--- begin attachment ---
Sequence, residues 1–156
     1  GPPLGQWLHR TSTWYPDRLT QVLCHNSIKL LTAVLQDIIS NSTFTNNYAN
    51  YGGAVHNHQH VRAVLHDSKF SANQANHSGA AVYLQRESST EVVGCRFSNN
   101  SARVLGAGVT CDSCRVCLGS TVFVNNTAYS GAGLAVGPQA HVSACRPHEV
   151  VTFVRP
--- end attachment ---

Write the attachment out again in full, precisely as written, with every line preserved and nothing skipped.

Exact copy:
Sequence, residues 1–156
     1  GPPLGQWLHR TSTWYPDRLT QVLCHNSIKL LTAVLQDIIS NSTFTNNYAN
    51  YGGAVHNHQH VRAVLHDSKF SANQANHSGA AVYLQRESST EVVGCRFSNN
   101  SARVLGAGVT CDSCRVCLGS TVFVNNTAYS GAGLAVGPQA HVSACRPHEV
   151  VTFVRP